Detection of STK11 mutations. Several different techniques were used by each of the centers to identify germ-line STK11/LKB1 mutations: conformational sensitive gel electrophoresis, single-strand conformational polymorphism, denaturing high-performance liquid chromatography, denaturing gradient gel electrophoresis, and direct sequencing of exons. Two centers (Institute of Cancer Research and Mayo Clinic) additionally made use of long-range PCR, and two (Institute of Cancer Research and VU University Medical Centre) used Multiplex Ligation-Dependent Probe Amplification to screen for large-scale gene deletions. Patients were classified as carriers if they or a family member with Peutz-Jeghers syndrome had a fully characterized germ-line STK11 mutation. In addition, patients in whom no mutation could be shown but were from a family in which cosegregation of chromosome 19p13.4 markers with disease could be shown were considered carriers of a germ-line mutation in STK11/LKB1.

Nucleotide changes identified in STK11 were coded according to the published sequence of the gene [Genbank accession nos. AF032984 (exon 1), AF032985 (exons 2-8), and AF032986 (exon 9)] and mutations in the gene according to the Human Genome Variation Society (27). The STK11/LKB1 protein sequences of Homo sapiens (Genbank accession no. NP 000446), Mus musculus (NP 035622), and Xenopus (Q91604) were obtained from the National Center for Biotechnology Information protein database (28). Alignments of protein sequences between species were made using the CLUSTAL W (1.82) multiple sequence alignment program (29).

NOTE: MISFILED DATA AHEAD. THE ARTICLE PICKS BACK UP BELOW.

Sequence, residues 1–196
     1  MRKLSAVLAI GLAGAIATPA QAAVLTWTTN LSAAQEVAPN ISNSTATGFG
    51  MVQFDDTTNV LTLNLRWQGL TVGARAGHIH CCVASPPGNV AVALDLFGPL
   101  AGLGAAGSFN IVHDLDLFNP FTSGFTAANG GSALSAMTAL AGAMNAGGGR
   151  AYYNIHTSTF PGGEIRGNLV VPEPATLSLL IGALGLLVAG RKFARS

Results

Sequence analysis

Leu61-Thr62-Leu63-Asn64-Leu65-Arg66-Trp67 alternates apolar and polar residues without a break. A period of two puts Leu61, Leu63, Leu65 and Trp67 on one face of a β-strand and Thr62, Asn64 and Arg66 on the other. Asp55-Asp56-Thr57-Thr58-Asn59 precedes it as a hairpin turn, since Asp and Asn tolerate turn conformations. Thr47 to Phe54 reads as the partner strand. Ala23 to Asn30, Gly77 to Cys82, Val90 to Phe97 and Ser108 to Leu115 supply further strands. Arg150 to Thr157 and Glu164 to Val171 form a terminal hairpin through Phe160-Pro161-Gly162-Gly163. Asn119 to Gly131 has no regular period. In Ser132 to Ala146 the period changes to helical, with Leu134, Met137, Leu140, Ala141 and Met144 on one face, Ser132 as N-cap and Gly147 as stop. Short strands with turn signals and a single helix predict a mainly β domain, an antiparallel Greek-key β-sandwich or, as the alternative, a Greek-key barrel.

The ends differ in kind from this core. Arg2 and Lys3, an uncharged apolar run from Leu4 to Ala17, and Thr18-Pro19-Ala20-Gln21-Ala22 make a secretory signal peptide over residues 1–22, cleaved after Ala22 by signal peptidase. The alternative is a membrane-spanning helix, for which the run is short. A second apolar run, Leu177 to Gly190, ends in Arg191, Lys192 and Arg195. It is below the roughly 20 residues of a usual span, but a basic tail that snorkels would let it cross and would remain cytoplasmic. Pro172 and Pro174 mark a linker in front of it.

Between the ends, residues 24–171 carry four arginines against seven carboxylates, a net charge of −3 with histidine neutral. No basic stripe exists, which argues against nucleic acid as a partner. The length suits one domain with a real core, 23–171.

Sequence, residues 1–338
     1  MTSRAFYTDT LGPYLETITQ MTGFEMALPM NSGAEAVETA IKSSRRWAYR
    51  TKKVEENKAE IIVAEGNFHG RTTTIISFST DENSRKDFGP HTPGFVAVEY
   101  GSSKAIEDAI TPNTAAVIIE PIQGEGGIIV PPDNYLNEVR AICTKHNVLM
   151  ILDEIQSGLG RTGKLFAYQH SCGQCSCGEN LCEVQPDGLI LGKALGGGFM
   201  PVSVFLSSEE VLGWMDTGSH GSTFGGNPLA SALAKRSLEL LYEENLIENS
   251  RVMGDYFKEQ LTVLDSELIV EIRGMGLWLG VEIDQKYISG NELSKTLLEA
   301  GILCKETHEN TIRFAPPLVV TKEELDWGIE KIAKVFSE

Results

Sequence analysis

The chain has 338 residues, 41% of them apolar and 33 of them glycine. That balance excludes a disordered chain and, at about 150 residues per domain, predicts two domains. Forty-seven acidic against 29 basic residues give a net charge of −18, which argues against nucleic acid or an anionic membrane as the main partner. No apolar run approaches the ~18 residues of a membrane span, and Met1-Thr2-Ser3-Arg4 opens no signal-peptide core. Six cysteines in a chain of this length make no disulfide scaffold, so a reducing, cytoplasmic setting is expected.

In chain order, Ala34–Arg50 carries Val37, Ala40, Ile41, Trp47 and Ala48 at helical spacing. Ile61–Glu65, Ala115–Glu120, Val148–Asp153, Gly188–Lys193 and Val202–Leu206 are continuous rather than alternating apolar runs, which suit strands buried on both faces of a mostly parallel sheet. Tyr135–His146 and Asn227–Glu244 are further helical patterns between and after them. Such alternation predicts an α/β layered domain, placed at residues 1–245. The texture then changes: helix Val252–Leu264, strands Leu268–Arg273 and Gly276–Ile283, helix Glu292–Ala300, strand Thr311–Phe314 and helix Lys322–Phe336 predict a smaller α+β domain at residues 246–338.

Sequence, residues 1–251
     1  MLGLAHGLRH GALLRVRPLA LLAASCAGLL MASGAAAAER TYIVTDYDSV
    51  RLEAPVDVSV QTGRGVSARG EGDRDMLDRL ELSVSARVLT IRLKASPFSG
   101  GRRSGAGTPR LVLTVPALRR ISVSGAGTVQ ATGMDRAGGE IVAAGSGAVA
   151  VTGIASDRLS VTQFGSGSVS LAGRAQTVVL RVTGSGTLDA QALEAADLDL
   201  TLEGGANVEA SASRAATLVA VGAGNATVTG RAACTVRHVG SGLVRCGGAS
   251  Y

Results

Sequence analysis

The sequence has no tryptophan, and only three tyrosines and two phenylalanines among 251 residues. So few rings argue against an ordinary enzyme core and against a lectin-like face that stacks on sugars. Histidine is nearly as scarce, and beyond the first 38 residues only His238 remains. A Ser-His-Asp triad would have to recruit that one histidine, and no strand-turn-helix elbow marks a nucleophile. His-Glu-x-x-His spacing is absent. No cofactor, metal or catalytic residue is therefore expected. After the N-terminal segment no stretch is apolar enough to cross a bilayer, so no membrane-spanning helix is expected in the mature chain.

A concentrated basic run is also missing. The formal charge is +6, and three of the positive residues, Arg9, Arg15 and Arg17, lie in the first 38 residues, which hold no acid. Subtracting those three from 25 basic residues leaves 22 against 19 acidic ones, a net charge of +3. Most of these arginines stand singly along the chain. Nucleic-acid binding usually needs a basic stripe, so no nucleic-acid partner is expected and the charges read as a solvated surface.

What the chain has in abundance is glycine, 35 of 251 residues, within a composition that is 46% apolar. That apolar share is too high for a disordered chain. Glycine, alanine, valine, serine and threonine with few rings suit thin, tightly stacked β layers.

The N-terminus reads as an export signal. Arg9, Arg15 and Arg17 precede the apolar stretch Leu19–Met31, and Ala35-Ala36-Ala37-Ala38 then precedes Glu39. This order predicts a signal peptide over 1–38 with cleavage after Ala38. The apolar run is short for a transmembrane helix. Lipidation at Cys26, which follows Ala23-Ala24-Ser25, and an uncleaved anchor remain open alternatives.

Statistical analyses. Cancer incidence in patients was truncated at age 70 years. A classification scheme for grouping cancers by diagnosis was devised based on topography to subdivide carcinomas by primary site. Cancers were coded using the International Classification of Diseases, Ninth Revision (ICD). We tested for differences in cancer risk according to patient's sex, proband status, and mutation status using the Kaplan-Meier product-limit method. Further testing for risk differences was done using Cox's proportional hazards regression model to adjust for potential confounding factors. Because most patients were isolated cases or from small families, adjustment for familial correlation in the proportional hazards model was not undertaken. The time intervals in the models were the time between birth and first cancer diagnosis for those with cancer and the time between birth and last contact or death for those without cancer. The association between categorical variables was made using either Fisher's exact test or the χ2 test. All statistical analyses were done using the statistical software program Stata version 8 (Stata Corp., College Station, TX). P < 0.05 was considered statistically significant.